Inflammatory arthritis is a collection of autoimmune diseases that primarily attack the joints. X-ray is commonly used as a diagnostic tool and way to gauge the progression of the disease. Unfortunately, x-ray does not tell the entire story and more sophisticated imaging might explain pain and limitations that do not show up on x-ray.
X-ray can show some joint erosion and narrowing of the joint space. Any erosion may need to be advanced before they are easily observed on x-ray. Joint space narrowing occurs when the cartilage that cushions the joint deteriorates, but the cartilage itself does not show up on x-ray. MRI may show joint erosion when they are in the earlier stages and could be missed by x-ray. Similarly, MRI might show degeneration of the cartilage in affected joints before it become obvious the joint space is narrowing. These subtle changes in joints may cause your rheumatologist to change your treatment plan or they may want consistent imaging tests to see how quickly the disease is progressing.
Swelling may need to be dramatic before it can be seen by other people, but patients often notice subtle swelling because it may limit range of motion or become painful. MRI is better able to detect soft tissue swelling, even if it is not apparent during manual joint examinations. More sensitive imaging can differentiate between swelling that is a result of the inflammatory processes associated with your condition or other types of swelling. For example, sometimes fluid can collect and create large cysts that may eventually become infected. This will appear as a large, dark area, and will need to be treated differently than swelling associated with your arthritis. The development of large fluid-filled cysts, which is common with inflammatory arthritis, means the area needs to be drained to prevent infections from developing.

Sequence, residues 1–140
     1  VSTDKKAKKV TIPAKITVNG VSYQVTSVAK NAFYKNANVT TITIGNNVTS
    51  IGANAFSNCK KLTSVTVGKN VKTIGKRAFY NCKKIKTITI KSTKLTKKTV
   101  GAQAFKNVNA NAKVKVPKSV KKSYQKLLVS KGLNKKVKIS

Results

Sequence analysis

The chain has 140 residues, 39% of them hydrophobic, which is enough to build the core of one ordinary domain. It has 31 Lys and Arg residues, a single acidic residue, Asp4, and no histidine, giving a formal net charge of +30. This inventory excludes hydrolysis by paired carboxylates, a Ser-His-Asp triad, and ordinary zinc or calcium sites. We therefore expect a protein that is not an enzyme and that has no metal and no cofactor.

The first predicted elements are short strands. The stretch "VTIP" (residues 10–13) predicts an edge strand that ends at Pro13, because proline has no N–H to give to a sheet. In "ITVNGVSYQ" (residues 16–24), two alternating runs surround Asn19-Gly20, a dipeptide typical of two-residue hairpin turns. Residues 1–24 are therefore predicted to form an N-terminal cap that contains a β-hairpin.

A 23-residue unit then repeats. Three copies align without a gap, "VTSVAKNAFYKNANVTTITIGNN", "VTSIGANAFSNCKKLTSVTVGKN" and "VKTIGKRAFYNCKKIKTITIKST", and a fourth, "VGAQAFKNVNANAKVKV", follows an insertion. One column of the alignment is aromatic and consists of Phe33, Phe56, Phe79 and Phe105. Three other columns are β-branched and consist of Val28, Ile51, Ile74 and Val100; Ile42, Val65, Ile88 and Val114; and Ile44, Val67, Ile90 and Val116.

Soft Tissue Damage
An often overlooked aspect of inflammatory arthritis is the effect swelling and inflammation has on the surrounding soft tissues. Some soft tissues help attach muscle to bone or bone to bone, whereas others provide cushion to prevent ligaments or tendons from rubbing against the bones. Just as the immune system attacks the joints, it can attack the soft tissues, causing damage, pain, and instability of the affected joint. MRI can be used to visualize damage that might weaken tendons or ligaments and lead to tendon ruptures or joint dislocations. When the soft tissues become extensively damaged, surgery may be necessary to repair tendons or ligaments.
MRI is infrequently used in the diagnosis and management of inflammatory arthritis, but it has significant benefits over x-ray. Detecting damage in the earlier stages can prevent failures of joints and the need for future joint repairs. Contact a provider, such as Kenai Peninsula Imaging Center, LLC, for more help.Share